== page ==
results in a second
Digital Oral Thermometer
use according to
the manufacture’s
instructions
lab practice
Thermoscan
Tympanic (ear)
thermometer.
Use according to
manufacture’s
instructions
lab practice
Pull pinna up an
Back before
inserting
Tympanic Temperatures
– reflects body core temperature
– the eardrum shares same blood supply as
hypothalmus
– measures infrared heat of eardrum &
surrounding tissue
– scans eight (8) measurements per reading &
displays highest as the temperature
External Factors
Influencing Accuracy
– lying on ear for extended period of time
– ears covered with cap, scarf, ear muffs
– exposure to extreme heat/cold
– recent swimming/bathing
– Wait 20 minutes if the above are factors to be
considered
Key Factors
Thermoscans
– temperature should be taken in same ear for
duration of an illness
– ear must be free of obstructions to get an
accurate reading (earwax, drainage, etc.)
– if right ear is used, right hand should hold
Thermoscan & visa versa on left
– over age 1 year, pinna of ear should be pulled
up and back
– under 1 year, pinna of ear back only, NOT UP
Recommendation
– Take tympanic temperature 3 times in the
same ear and use the highest reading when:
• *the patient is an infant less than 90 days old
• *a child is less than 3 years & has a compromised
immune system. A fever is critical in these
situations, therefore one must be sure
• *if you are an inexperienced user of the
Thermoscan thermometer
When NOT to use
Thermoscan
– *blood/drainage present in external ear canal
– *ear is painful/swollen/red
– *ear is plugged with earwax
– *ear drops are being used
– *facial deformities involving the ear
– *when hearing aids are present (must wait 20
minutes after removing for an accurate
temperature)
Rectal Temperature
• use in young children and mentally disabled
individuals who may bite
• patients having difficulty breathing
• confused patients
• unconscious patients
• patients on oxygen
• the Thermoscan thermometer could be used
for above situations & reduce risk of rectal
tears
Key Factors
Rectal Temperature
• apply a lubricating jelly, K-Y, Vaseline, or even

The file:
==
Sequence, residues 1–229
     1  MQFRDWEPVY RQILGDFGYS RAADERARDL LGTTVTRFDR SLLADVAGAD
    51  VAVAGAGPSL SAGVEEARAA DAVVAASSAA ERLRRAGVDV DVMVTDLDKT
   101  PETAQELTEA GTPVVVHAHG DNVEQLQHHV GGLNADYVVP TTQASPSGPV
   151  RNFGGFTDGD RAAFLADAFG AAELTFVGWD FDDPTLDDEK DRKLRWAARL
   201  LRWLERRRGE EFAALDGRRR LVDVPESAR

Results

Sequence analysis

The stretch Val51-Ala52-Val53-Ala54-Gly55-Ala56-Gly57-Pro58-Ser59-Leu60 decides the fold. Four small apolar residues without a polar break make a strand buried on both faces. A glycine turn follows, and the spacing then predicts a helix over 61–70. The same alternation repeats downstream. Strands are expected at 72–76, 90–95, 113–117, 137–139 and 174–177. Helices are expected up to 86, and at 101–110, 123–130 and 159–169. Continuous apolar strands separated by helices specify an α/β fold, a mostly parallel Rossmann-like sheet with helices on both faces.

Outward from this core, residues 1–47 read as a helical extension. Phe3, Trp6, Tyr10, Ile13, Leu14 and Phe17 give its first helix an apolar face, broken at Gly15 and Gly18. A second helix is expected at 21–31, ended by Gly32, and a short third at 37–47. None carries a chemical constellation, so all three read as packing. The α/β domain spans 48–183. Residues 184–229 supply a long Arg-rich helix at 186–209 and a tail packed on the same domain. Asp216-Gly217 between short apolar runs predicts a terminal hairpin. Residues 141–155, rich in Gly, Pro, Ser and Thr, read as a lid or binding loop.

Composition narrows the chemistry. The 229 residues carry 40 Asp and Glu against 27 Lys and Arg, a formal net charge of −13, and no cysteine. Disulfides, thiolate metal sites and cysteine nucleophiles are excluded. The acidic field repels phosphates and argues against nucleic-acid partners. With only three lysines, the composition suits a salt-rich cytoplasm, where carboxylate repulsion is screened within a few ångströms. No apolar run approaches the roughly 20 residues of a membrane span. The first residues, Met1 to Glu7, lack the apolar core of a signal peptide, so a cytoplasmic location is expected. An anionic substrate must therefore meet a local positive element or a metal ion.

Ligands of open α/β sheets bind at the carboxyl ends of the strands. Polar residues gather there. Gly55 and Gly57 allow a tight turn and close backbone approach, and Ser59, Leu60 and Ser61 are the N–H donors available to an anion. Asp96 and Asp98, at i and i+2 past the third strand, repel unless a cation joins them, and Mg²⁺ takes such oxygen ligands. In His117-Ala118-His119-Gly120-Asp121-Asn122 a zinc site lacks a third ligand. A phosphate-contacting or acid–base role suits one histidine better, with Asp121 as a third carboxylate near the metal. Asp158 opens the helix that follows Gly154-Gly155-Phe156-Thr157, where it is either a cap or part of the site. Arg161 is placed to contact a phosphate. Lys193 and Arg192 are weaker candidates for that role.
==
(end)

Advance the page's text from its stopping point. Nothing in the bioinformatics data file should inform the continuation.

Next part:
shortening (not a medicated jelly like Vicks)
to approximately 1/2 of length
• have adults lay on their side
• infants lay on stomach or over parent’s knees
• insert the thermometer gently
• 1 1/2” into rectum
• hold gently in place for 5 minutes
Key Factors
Rectal Temperature
• wipe from stem to bulb
• wash thermometer with cool water and soap,
rinse , dry and place in container with
disinfectant
• Rectal temperature is the most accurate
temperature.
Key Factors
Axillary Temperature
• use on infants with diarrhea and/or well
infants
• axillary area should be dry (DO NOT rub)
• 10 minutes required for accurate reading
• could be used for someone unable to tolerate
or understand the concept of oral
thermometers
Signs & Symptoms
of Fever
• Early Signs:
– shivering
– increased metabolism
– increased pulse
– feeling cold
– goose bumps
Signs & Symptoms
of Fever
• Later Signs:
– skin warm to the touch
– flushed
– dehydration
• dry skin, sunken dull eyes, poor skin turgor
– diaphoresis
• profuse sweating, indicating hypovolemic shock
– weakness
– thirsty
– rapid respirations
Documentation
• when recording temperature on chart
indicate:
–
–
–
–
the degree
whether it is Fahrenheit or Celsius
whether the left or right ear was used
what site was used. Oral is universal, if other sites
used, an indicator must be shown
• R for rectal
• A for axillary
• T with circle around it for tympanic
Pulse
• a rhythmic beat or vibration detected by
palpating an artery over a bony prominence
that indicates the heart rate
• should be the same at all arterial pulse sites
Pulse Sites
• areas where you can
compress an artery